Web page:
Scott Mace, for HealthLeaders Media
, October 30, 2012
Nurse practitioner clinicians, bring your doctorate. The U.S. will be short 45,000 primary care physicians by 2020, Ryba says, and the shortage is felt more or less keenly depending on where you live. Ryba says 250 nurse practitioner-led clinics have popped up around the U.S., but in 2015, nurse practitioners will be required to have a doctorate. But since the alternative may be no primary care at all, expect to see more of it.
Technology to monitor medication compliance. Home monitoring of blood pressure and weight is catching on, but Ryba hasn't yet seen effective technology that can monitor medication compliance. "In the hospitals, every single patient goes home with the med in their hands, and we're doing that now, and we're making sure those meds follow them to skilled nursing facilities," she says. "But in the home, I think that we don't have the technology that really does influence behavior" to make sure those medications are taken.
Medical school takes too long. "What if it took half the time?" Rubin asks. "When you cut a year or two down, do you have more people?" He points to the writing of Stanford economist Victor Fuchs on this issue.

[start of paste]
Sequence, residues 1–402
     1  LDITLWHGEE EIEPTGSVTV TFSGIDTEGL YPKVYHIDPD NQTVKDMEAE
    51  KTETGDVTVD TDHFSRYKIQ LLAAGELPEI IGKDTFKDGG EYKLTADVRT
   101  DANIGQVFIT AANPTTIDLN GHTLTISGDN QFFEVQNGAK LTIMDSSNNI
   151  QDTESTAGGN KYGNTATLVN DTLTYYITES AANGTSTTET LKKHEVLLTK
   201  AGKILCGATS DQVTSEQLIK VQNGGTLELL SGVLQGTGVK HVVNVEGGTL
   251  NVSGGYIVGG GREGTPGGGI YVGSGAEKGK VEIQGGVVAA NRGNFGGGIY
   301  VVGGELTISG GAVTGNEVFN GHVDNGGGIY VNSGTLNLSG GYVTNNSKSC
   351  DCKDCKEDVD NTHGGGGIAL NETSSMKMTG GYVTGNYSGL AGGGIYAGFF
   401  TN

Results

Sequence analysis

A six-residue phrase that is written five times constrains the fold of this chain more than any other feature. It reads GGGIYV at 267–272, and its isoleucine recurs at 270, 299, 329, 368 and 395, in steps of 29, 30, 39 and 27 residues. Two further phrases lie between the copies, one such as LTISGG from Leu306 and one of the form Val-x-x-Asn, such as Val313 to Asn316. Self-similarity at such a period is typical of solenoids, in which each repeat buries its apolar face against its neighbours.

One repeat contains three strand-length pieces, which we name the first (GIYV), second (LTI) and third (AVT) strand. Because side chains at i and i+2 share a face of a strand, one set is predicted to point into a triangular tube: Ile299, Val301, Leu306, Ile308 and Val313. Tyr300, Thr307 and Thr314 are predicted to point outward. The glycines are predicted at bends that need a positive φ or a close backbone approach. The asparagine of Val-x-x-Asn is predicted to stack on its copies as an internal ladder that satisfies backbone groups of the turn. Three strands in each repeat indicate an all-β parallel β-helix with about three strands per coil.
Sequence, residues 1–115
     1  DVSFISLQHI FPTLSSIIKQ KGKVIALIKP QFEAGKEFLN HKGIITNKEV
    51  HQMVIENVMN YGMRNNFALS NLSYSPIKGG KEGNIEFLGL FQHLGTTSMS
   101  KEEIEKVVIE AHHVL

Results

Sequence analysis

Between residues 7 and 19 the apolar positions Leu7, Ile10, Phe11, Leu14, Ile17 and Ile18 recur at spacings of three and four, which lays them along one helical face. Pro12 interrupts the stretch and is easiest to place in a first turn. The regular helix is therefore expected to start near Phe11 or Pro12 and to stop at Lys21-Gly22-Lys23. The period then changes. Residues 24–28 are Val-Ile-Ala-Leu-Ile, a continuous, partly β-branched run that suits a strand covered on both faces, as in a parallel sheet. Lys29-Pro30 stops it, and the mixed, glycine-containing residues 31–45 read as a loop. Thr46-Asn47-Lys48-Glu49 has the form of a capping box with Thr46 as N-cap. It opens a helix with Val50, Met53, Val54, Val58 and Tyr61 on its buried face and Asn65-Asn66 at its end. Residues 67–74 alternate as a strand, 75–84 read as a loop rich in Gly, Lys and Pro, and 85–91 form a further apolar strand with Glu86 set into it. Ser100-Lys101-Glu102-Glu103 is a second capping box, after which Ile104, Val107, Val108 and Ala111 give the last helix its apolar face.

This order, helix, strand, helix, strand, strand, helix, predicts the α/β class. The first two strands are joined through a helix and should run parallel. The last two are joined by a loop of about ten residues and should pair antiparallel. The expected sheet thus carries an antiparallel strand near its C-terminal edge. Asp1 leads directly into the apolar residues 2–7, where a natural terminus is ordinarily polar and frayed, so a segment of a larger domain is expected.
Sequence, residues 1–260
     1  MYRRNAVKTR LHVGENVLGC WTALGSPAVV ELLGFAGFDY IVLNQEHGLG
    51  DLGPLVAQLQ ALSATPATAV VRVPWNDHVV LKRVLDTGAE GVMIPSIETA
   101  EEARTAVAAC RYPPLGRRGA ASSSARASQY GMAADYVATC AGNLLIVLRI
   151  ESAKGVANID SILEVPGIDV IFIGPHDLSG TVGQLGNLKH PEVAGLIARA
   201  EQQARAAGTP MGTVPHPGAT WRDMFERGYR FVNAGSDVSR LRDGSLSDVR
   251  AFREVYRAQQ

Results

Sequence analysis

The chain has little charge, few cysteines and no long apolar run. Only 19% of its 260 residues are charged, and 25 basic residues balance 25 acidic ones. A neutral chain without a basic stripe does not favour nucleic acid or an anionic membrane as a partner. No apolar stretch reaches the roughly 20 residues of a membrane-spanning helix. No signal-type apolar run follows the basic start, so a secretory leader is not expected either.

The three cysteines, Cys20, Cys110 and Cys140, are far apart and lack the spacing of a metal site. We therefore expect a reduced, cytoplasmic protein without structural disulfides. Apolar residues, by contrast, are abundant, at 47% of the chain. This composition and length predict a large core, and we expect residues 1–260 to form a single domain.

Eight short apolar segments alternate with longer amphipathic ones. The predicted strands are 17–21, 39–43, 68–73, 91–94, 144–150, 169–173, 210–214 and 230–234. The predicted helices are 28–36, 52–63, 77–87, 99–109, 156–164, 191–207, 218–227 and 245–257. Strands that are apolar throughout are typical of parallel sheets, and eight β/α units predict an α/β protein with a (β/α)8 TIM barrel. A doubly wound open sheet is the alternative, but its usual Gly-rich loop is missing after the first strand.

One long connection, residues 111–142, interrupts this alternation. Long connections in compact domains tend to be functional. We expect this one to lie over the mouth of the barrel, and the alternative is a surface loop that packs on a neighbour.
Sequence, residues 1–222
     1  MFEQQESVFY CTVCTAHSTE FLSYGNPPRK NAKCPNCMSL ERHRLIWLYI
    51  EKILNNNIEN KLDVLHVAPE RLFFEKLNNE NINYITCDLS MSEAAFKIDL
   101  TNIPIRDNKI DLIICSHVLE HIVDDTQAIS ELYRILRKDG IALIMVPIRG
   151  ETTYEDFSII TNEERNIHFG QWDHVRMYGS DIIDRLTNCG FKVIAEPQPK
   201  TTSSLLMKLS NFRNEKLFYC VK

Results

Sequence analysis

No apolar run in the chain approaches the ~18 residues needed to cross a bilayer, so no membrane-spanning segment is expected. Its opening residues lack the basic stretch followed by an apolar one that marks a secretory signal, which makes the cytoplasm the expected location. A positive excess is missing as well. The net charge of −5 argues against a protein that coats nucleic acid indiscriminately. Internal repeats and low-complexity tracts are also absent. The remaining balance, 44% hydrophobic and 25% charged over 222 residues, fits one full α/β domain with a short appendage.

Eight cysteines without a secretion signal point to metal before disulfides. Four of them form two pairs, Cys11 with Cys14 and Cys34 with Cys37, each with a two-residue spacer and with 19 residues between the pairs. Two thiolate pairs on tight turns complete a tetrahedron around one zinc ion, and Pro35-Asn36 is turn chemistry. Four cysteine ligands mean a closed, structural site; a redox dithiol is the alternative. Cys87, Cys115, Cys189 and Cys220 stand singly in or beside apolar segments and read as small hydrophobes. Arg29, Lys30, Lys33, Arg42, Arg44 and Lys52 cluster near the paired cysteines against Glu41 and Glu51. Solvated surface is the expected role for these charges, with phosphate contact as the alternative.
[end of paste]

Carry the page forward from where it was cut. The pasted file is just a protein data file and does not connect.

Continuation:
Specialists are headed for call centers. "Technology gives us the opportunity to do things that couldn't be thought about," Rubin says. "Maybe you could just do rounds on your iPad or iPhone or whatever the device is." If the physician needs to consult with a specialist, the days of waiting four hours for a call back may be numbered. "Maybe a specialist is sitting in a call center" and the physician brings up the specialist on a screen in the patient's hospital room. "There's a tremendous opportunity to transform how we train, how we work as teams, to leverage the technology, and to change the way we deliver healthcare," he says.